Anthony Bourdain, chef and Parts Unknown host, dead at 61

Anthony Bourdain
This story is incredibly tough to write. This morning, the news was first reported that renowned chef and TV personality Anthony Bourdain was found dead of an apparent suicide at the age of 61. He died in France, where he was working on a new episode of his CNN show Parts Unknown — one that revolved around adventure and featured food and people all over the world.

In a statement, CNN confirmed his death with the following:

“It is with extraordinary sadness we can confirm the death of our friend and colleague, Anthony Bourdain. His love of great adventure, new friends, fine food and drink and the remarkable stories of the world made him a unique storyteller. His talents never ceased to amaze us and we will miss him very much. Our thoughts and prayers are with his daughter and family at this incredibly difficult time.”

We’d come up with a list of some of the best Bourdain-related viewing to try and honor him, but it’s hard to know where to even start since almost every single thing he did was fascinating. He had this image about him one of the coolest people in the world, someone who would talk to anyone or go anywhere. He loved food and he loved meeting different people and hurting different stories. He possessed a unique ability, especially in this time, of being able to have a conversation with you no matter where you were from or what you believe in.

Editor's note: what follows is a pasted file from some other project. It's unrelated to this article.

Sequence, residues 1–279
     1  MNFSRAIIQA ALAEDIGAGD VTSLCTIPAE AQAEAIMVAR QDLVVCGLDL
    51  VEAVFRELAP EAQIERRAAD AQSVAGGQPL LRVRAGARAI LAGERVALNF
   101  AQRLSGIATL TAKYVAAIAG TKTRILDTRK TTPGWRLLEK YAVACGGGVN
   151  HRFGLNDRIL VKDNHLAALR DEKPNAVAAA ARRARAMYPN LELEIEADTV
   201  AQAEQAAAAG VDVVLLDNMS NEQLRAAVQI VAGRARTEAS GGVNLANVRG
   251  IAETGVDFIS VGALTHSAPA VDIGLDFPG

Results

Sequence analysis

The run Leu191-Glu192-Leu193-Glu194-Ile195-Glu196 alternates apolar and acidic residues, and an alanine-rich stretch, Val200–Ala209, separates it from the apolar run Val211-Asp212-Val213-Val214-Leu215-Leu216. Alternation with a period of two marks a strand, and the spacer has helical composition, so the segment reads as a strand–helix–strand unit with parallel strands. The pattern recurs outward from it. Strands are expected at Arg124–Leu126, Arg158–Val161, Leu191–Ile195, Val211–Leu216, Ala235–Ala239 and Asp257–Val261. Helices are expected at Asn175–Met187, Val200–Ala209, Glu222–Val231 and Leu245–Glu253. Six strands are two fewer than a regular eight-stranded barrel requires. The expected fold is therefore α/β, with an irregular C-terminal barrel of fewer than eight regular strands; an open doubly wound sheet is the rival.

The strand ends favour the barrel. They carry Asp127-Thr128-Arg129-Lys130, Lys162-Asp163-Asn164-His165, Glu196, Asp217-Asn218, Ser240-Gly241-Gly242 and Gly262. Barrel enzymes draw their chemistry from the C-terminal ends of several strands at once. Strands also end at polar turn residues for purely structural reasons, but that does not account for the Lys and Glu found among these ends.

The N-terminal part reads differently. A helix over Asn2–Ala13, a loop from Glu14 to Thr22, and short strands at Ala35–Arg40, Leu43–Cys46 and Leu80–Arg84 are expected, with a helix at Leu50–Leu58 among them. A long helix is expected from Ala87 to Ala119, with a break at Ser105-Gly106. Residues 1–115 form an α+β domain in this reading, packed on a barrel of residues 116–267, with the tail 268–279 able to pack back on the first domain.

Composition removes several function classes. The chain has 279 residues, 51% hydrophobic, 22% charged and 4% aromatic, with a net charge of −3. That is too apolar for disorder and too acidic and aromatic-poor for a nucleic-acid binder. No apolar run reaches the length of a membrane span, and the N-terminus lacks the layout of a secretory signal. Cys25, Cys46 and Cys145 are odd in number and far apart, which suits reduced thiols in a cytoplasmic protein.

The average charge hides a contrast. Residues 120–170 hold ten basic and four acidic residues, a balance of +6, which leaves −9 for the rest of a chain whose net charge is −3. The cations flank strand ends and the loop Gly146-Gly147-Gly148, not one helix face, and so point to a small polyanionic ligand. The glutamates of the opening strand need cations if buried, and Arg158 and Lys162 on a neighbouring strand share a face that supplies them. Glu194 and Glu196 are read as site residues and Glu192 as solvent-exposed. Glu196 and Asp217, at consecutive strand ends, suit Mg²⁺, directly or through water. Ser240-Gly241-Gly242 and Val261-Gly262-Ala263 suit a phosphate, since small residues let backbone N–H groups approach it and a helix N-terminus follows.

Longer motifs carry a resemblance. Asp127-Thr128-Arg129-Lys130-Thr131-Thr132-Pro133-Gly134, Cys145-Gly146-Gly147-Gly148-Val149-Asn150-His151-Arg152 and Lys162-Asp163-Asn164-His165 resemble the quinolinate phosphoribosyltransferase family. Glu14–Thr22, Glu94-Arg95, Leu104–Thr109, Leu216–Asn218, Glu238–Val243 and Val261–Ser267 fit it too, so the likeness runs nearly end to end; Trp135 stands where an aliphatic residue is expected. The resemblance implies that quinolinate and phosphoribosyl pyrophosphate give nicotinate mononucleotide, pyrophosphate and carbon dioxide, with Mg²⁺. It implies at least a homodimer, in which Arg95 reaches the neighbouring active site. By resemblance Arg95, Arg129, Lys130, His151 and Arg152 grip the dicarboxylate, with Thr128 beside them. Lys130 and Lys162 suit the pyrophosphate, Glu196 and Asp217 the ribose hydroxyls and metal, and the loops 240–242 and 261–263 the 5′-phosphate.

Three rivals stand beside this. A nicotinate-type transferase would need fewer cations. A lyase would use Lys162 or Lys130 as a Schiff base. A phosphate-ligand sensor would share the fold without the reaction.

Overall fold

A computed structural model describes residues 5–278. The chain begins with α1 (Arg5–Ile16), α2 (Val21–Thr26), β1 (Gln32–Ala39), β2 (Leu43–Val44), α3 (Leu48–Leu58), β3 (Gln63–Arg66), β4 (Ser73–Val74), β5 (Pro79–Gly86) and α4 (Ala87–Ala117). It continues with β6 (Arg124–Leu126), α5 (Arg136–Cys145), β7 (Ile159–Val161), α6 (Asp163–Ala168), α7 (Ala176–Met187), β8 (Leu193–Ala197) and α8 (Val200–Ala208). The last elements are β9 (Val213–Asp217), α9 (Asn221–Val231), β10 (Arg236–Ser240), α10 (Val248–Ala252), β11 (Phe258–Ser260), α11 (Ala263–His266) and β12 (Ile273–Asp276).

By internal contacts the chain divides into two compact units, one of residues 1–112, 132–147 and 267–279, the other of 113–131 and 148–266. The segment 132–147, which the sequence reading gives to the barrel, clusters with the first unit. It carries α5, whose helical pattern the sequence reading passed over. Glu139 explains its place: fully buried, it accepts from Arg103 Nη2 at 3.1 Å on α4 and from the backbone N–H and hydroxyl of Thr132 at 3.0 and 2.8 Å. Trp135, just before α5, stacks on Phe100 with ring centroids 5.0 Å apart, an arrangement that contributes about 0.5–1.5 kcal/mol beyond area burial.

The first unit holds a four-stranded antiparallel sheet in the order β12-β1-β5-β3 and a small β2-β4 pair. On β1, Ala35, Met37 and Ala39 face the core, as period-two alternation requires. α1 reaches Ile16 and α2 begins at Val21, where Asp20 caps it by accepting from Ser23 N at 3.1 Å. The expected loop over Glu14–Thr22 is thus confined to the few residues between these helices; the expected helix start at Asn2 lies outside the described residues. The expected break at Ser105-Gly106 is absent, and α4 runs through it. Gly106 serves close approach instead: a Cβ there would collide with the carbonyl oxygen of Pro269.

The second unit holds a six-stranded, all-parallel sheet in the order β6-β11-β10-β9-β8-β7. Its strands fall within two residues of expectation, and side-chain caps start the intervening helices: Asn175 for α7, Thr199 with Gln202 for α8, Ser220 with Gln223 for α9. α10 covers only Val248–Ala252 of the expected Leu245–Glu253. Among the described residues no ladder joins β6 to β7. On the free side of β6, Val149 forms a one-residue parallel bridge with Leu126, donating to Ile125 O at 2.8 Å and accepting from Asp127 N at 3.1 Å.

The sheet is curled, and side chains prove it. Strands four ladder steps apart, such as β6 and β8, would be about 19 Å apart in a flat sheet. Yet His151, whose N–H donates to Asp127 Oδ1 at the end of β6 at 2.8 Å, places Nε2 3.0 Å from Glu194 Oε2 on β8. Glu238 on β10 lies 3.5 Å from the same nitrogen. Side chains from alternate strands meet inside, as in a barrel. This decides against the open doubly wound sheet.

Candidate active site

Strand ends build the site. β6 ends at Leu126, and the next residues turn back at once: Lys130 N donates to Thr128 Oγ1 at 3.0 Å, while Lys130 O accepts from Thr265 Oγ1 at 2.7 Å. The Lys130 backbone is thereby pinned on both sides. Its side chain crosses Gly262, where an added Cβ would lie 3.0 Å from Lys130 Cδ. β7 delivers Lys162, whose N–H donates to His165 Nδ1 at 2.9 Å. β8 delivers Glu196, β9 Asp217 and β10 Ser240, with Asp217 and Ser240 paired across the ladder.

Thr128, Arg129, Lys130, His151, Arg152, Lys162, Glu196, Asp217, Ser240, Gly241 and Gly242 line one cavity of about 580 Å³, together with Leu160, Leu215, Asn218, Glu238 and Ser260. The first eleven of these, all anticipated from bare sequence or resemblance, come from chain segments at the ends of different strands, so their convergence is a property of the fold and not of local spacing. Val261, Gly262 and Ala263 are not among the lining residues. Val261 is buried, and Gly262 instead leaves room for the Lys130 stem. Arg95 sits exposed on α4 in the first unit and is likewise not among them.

With this said, we do recommend checking out some of the episodes of Parts Unknown that he’s done in the Congo, in Japan, in Brazil, or in Spain. We do think that those collectively give you a very good sense of his spirit and his sense of adventure. He also has a particular wonderful edition of the ID10T Podcast (previously called the Nerdist Podcast) if you want to reminisce about him on the go — he tells his story as a recovering addict and going from being a line cook to someone who was determined not to screw his life up after getting his big break. He had a very fascinating story to tell, but we also think that he probably had about a trillion of them.

Losing him via suicide is hard, but it is another reminder that no matter what we may see of someone, we don’t know what is in their heart. For anyone out the struggling, just know that there is always another way and there is love and support. 1-800-273-8255 is the National Suicide Prevention Hotline and they can be there for you 24 hours a day.

Here’s to hoping that Bourdain is now off somewhere sharing a drink with friends and exchanging some fun stories. Our thoughts go out to all who know him and care about him. (Photo: CNN.)

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